out of Five
Running time: 90
This is nicely acted and Besson deserves some sort of award for casting Lou Reed and Iggy Pop as its villains, but the script and direction are all over the place and it never really comes together.
What's it all about?
Co-written and directed by Luc Besson, Arthur and the Great Adventure is the sequel to 2006's part animation, part live action Arthur and the Invisibles, though it actually combines both the 2nd and 3rd films in the series (Arthur and the Revenge of Maltazard and Arthur 3: The War of the Two Worlds). Arthur (Freddie Highmore, who doesn't seem to have aged at all) is excited to return to the animated land of the Minimoys, but horrified when his father (Robert Stanton) announces that they will shortly be leaving his grandmother's (Mia Farrow) house.
When he receives a plea for help (engraved on a grain of rice, delivered by a spider) from the Minimoys, Arthur shrinks down to their size and rushes to their rescue, only to discover that he's been tricked and that evil, power hungry Maltazard (Lou Reed, replacing David Bowie) has used him in order to enter the human world. Enlisting the help of Princess Selenia (Selena Gomez, wisely replacing Madonna) and Prince Betameche (Jimmy Fallon), Arthur attempts to return to normal size and fight back. At the same time, they find an unexpected ally in the form of Maltazard's estranged son, Darkos (Iggy Pop).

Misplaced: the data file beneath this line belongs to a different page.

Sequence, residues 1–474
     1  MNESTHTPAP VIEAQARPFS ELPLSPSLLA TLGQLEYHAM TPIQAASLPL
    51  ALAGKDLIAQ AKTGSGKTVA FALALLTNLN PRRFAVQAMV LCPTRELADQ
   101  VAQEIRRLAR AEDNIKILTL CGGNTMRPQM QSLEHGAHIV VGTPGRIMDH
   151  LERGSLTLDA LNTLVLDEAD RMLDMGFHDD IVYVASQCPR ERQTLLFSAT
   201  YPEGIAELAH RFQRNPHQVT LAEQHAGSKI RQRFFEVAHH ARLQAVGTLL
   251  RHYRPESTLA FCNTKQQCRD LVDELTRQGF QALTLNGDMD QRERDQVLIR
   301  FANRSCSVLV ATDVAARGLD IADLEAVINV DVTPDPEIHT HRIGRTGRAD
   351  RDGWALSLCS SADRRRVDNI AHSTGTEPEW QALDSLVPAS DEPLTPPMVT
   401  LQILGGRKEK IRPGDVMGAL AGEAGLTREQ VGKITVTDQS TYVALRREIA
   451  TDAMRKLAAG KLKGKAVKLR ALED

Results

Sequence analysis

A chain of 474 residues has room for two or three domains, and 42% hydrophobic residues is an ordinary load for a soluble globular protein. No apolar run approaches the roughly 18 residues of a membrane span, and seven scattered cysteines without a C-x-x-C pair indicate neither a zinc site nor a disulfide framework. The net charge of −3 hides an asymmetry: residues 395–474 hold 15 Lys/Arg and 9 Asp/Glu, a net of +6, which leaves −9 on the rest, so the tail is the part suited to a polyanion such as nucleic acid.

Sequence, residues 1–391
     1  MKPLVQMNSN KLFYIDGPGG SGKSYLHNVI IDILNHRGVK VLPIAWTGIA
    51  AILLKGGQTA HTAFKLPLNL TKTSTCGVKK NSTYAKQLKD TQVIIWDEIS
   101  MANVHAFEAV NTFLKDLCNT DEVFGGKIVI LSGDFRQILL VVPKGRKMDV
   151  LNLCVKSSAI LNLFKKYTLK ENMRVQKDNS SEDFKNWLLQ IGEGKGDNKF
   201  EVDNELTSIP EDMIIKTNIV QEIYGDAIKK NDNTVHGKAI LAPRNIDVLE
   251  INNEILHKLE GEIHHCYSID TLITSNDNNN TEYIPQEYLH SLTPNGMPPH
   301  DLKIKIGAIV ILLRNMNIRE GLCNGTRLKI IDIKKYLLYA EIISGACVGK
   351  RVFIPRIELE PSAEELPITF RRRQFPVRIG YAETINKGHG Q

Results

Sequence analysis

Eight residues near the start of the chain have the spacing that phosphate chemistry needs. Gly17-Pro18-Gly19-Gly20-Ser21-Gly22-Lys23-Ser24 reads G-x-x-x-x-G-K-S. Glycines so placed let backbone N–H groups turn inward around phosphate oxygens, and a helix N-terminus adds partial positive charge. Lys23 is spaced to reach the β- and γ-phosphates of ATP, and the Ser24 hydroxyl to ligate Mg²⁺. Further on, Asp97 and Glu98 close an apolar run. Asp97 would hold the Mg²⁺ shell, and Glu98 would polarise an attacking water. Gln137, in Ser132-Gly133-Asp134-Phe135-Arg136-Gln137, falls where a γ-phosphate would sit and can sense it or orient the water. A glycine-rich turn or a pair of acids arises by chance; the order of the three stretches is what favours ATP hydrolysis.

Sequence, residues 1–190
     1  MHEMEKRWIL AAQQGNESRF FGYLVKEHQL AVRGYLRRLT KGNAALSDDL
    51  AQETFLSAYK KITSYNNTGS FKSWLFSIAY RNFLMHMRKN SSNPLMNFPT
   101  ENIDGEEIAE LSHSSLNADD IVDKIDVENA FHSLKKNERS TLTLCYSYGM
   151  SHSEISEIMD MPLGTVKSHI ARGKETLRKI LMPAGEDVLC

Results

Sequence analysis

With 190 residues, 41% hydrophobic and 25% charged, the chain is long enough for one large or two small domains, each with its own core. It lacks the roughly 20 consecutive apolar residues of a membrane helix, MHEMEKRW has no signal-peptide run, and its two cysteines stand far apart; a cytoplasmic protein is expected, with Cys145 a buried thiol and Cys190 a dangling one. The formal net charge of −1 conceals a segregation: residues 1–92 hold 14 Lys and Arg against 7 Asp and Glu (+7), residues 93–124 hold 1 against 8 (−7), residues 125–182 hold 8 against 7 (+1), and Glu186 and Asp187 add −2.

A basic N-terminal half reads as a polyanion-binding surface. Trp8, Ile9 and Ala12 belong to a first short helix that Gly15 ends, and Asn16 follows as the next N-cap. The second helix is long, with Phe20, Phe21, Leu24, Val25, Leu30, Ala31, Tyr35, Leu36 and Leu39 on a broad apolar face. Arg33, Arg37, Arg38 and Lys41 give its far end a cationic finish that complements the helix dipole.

Freddie Highmore makes a likeable lead as Arthur, though, as with the first film, he's a lot more engaging as a human than he is as an animated Minimoy, when he looks like a troll doll gone wrong. In addition, the sequel corrects the dodgy casting of the original (when Madonna was basically playing the love interest to someone 40 years younger than her) and the casting directors surely deserve some sort of recognition for lining up both Lou Reed and Iggy Pop as Maltazard and Darkos.
The problem is that with the second and third films being combined into one, the script and direction are all over the place, with no clear sense of structure. On top of that, the animated scenes are so chaotic that it's often difficult to tell what's going on; the second half involves people being attacked by giant buzzing insects and that seems like an apt metaphor for what the film feels like to watch.
Arthur and the Great Adventure is messy and unfocussed and never really comes together, thanks to chaotic direction, a confused script and frenzied, unengaging action sequences. One to avoid.
Arthur and the Great Adventure (PG)